There’s a line in Sex & The City, right after Harry and Charlotte break up, when Carrie says, “Just what New York needs...another single Jewish girl.”
I think about that line every time I hear someone tell me that they are thinking of becoming a life coach.
Just what the world needs...another life coach.
Don’t get me wrong. I love what I do. I love the business I’ve built for myself. And I have the utmost respect for really good coaches.
When I went through my training, there was always a part of each 3-day long module where we’d do a Q&A with the leaders and assistants of the course. Inevitably, one hungry-for-success wannabe coach would ask, “How much do you charge?”
The answers would typically range from $50 to upwards of $400/hr. And you could see everyone doing the math in their heads.
So, you mean to tell me, that I can charge $400/hr? Then I’d only need 10 clients a month at 2 hours each, and I could bring home $8,000 a month.
Living the dream, right?
Except. It’s not easy to get to that place. It’s takes time and effort and patience and determination and chutzpah and stamina to get to that place. And, honestly, I don't know a single coach who only does 1-on-1 sessions and brings in $96,000 each year.
I’ve found that when the wheels in my head start turning and I start doing the math, things hardly ever go the way I think they will.
Be a coach who...
Just being a coach isn’t enough anymore.
You have to be a coach who...
A coach who helps women get clear on who they are, what they want, and how to get it.
A coach who helps guide women towards a pleasure-filled, nourishing, well-fed life.
See how that works?
And here's the pick-my-brain advice I want to give you:
Start now. Start writing or speaking or photographing.
Find the things that you care so deeply about, the ones that you're willing to go to the mat for and let those percolate. Figure out how to talk about them. Start sharing things. Out loud.
Get specific. Like really specific. Find one person you could help and start narrating your before and after.
This is going to be what sells you as a life coach. Being able to describe how someone is going to feel logging onto their email at their new job. That feeling of joy while you're waiting for the PC in your cubicle to boot up. The joy despite the fact that you're a Mac girl, joy that comes with having a job and doing work that you feel highly-aligned with.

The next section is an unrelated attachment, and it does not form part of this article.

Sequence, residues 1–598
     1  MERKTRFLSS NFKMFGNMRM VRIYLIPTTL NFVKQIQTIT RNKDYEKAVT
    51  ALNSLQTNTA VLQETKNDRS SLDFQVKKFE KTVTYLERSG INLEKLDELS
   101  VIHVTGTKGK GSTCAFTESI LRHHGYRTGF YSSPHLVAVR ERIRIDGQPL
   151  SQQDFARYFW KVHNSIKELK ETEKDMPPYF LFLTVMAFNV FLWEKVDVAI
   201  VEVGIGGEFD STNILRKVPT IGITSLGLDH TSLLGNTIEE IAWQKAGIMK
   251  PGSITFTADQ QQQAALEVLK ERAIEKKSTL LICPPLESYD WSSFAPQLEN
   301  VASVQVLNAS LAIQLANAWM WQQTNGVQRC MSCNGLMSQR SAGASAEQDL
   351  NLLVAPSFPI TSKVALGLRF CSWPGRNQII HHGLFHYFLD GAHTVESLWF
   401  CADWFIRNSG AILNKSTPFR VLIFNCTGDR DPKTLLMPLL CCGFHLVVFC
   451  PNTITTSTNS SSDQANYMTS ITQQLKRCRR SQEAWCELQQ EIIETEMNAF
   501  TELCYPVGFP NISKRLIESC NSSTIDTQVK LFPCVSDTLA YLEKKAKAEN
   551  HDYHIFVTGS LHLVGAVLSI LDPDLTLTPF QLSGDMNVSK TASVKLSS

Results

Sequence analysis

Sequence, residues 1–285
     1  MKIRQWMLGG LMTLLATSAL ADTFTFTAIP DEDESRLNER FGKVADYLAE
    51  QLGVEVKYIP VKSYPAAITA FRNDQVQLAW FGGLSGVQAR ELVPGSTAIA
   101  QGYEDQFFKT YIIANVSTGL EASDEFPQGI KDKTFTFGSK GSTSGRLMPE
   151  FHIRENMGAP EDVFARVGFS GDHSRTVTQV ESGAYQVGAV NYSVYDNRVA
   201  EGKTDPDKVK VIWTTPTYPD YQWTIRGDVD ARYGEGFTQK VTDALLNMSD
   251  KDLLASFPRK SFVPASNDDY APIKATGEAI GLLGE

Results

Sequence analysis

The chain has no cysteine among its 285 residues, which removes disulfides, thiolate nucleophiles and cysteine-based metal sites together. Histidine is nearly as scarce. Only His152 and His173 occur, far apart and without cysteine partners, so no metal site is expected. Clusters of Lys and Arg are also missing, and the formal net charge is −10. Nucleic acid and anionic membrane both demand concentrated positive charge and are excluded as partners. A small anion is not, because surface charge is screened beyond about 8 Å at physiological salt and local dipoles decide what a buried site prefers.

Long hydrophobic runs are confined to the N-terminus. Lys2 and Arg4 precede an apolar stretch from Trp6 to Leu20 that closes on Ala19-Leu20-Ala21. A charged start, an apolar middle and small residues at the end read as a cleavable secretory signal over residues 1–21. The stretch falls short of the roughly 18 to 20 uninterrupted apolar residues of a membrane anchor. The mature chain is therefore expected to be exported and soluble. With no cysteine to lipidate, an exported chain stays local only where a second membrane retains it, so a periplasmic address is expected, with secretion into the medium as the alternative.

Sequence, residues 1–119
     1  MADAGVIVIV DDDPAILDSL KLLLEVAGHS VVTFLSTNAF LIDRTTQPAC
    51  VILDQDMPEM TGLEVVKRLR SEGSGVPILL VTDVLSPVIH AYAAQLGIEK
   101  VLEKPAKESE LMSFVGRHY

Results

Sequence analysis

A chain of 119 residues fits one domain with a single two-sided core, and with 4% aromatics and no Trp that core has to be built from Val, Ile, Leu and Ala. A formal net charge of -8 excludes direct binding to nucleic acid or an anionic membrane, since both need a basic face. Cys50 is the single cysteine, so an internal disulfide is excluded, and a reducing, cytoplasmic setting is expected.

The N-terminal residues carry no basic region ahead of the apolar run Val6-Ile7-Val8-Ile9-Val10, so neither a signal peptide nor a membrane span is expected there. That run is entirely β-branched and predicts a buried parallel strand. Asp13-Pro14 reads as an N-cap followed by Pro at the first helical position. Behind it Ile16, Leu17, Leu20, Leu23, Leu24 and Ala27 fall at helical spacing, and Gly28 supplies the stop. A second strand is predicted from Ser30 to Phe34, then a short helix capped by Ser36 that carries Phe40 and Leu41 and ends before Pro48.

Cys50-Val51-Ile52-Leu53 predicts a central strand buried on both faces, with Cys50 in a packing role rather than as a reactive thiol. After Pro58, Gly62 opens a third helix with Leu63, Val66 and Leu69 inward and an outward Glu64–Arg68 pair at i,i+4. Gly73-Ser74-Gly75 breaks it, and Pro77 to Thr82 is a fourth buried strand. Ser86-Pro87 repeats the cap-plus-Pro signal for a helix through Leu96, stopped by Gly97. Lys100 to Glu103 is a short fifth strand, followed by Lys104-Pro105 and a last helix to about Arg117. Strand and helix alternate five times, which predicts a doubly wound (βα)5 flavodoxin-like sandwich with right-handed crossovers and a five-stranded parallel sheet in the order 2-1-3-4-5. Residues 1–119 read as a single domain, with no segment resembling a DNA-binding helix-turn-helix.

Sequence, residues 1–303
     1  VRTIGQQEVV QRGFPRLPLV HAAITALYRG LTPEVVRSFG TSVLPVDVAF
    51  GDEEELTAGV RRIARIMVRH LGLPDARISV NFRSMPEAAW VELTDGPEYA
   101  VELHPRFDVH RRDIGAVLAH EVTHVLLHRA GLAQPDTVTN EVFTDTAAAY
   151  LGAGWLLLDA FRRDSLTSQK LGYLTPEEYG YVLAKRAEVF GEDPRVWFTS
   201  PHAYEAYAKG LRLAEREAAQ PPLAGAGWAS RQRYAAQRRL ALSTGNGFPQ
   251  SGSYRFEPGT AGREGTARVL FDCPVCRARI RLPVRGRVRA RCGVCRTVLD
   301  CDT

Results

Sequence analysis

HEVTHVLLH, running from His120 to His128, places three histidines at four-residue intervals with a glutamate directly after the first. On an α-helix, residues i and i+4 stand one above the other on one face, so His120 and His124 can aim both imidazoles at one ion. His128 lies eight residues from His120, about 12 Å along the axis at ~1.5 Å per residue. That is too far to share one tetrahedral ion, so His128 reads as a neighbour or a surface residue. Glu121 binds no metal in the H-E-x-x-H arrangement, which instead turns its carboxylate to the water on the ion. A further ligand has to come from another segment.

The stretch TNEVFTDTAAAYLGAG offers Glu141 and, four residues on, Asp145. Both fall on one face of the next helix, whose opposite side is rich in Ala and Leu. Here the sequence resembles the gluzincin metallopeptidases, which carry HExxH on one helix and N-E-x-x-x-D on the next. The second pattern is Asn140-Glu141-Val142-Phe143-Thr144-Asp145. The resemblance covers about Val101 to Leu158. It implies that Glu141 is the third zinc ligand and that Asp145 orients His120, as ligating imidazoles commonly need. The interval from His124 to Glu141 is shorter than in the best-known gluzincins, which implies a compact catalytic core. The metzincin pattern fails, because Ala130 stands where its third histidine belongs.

There are a lot of people who write lists about the words that must die. Words like juicy, authenticity, legacy. All of these words that life coaches use all the time. If you want to be successful, define them. Get crazy clear, to the point of discomfort, about what all of these words mean to you. Tell a story with them. This is going to be the thing that will allow you to sell yourself.
Get comfortable with your personality.
Listen, no matter what beef people have with me (and there are some, always), no one can say that I lack personality. Y'all. I have a fuck ton of personality. And I let it out.
I didn't always. I used to write blog posts like this and this. And then, over time, I started letting more of myself out. I "found my voice" which only means that I kept writing until I was comfortable enough with the page or the post that people now give me the ultimate compliment of "You sound just like your blog."
That is what I'm striving for. If you want to be a coach who works with individual clients and have an internet-based business, I urge you to do the same.
Here's what I know: at the beginning, your tendency will be to keep your words and your offerings and your everythings super general.